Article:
While participants believed that in many cases the information they presented was clear, their audience thought otherwise and asked for clarifications. This implies the illusion of transparency (Brown & Stopa, 2007), when students think they are very clear about what they present but the reactions and feedback they receive indicate that they have not been successful in conveying their message. One student notes, “It has happened several times when I gave a seminar or in my confirmation presentation, that other students ask questions that I think I have already clearly answered in my text or presentation. But it seems it hasn’t been sufficient, therefore, I am always afraid that in my viva I face criticism that this doesn’t mean what you mean to say…” (Kasey).
4.6. Stage 6: Evaluation
If the person has an unrealistically positive evaluation of the information-seeking process and sees all of the information relevant to his or her information needs, then overconfidence effect might be involved. Diana stated that “I wasn’t after new search strategies and I didn’t want to learn about those, I was pretty sure that the right search strategies were what I already knew and I already used. I wasn’t concerned whether my approach or strategy was correct or incorrect.” Sometimes because of choice-supportive bias (Lind, Visentini, Mäntylä, & Del Missier, 2017), participants approve the validity of the process and its outcome, so they support their own decisions and positively evaluate their actions and behaviour. An example is: “I think overall the process that I went through was good. I mean I think I couldn’t do more. My method is fine, and things I’ve done, places I searched, and the ways I used to access the information are all correct and I reach desired outcomes and this has been the case so far” (Leah).
According to self-serving bias, people often attribute problems with the information-seeking process (and their failure) to external factors (e.g., the education system, time). On the other hand, they attribute their successes to their merits and internal factors. This theme was quite common in the participants’ comments in interviews. Based on false consensus effect, participants think that all other students are in agreement with them about the process of looking for information and they see their beliefs as self-evident. For instance, participants frequently commented in the interviews that everyone agrees about the superiority of online resources to print ones, or that ‘Googling’ is the best and first choice for looking for information. During the information-seeking process and at the stage of evaluation, participants realise that they have not progressed according to their plan and that the process has taken longer than they thought it would. This is due to the planning fallacy (Ehrlinger, Readinger, & Kim, 2016), as many of the issues and challenges are not considered in such planning. Chloe experienced this planning issue and stated that “unfortunately I am in a term when I should have finished half of my thesis based on a standard four-year doctoral period. When I started I thought I would finish in four years and had a lot of plans and always tried to stick to my plans. But now I am behind in most of my plans. Of course, I must say there are factors that are not under my control such as our supervisors and the university’s situation.” When participants were asked if they were satisfied with their information seeking and about their strengths and weaknesses and so on, we see the effect of biases, as most of them would answer that they had done the right things and that they attribute success to their strengths and attribute problems to external factors. They also think that their peers behave in the same way and that they are all in agreement about this.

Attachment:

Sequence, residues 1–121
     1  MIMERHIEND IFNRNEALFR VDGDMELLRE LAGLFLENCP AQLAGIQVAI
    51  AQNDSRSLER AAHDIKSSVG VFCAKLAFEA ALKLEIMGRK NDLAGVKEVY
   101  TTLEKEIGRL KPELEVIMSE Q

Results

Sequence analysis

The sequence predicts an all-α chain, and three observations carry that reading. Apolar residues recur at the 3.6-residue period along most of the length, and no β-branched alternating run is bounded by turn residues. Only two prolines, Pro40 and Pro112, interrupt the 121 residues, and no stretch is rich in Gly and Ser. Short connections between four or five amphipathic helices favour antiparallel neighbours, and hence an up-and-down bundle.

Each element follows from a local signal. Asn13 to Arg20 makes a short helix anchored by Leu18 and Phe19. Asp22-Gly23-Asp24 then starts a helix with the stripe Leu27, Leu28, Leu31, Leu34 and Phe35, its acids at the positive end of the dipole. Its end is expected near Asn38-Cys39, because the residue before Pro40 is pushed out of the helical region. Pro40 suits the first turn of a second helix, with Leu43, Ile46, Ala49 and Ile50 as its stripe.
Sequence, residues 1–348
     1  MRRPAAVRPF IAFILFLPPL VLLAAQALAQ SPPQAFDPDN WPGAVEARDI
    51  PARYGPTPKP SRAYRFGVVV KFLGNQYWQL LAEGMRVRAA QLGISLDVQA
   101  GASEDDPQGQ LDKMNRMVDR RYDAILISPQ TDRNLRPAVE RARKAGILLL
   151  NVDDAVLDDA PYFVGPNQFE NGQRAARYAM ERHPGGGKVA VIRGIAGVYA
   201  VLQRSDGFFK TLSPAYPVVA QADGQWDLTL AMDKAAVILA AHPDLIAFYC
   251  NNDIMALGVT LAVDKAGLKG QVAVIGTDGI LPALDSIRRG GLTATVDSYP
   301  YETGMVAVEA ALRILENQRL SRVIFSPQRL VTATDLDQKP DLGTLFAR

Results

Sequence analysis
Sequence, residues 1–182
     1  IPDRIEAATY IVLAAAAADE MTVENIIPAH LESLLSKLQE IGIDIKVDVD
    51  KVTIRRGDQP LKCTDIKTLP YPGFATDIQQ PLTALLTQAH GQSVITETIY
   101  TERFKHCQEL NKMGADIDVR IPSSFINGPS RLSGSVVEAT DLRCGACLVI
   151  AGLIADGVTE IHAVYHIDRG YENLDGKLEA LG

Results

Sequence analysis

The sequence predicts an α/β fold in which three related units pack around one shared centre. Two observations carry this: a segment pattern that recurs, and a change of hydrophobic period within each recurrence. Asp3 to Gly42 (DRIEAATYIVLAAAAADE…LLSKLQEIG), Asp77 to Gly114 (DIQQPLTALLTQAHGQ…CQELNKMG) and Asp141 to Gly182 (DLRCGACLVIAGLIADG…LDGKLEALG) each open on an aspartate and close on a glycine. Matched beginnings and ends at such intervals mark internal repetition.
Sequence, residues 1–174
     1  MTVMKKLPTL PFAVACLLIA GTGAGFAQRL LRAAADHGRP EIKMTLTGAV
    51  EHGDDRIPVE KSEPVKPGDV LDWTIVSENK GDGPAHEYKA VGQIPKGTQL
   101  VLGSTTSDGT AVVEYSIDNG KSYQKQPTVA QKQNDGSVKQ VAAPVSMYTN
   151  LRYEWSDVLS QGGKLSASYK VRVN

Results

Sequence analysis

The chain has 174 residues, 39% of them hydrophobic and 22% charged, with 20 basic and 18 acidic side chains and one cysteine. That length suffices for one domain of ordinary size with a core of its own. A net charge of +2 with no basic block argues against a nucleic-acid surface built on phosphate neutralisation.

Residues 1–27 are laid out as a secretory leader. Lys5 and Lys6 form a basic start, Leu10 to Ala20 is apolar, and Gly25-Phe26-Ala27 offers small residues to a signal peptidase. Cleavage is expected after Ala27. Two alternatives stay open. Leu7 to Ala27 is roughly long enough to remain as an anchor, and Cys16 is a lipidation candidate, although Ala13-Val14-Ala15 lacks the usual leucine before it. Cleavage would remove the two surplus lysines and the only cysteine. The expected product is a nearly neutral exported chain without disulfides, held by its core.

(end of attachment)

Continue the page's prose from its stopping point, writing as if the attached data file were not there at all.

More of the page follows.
5. DISCUSSION AND CONCLUSIONS
This study showed the prevalence and diversity of biases in some aspects of information behaviour of graduate students. The findings show how biases as psychological and cognitive factors might influence our information behaviour. Biases can play roles in all aspects of information behaviour from defining the details of information needs, deciding about and selecting information sources, extracting and using the information, organising and sharing obtained information, and in evaluating the process of looking for information.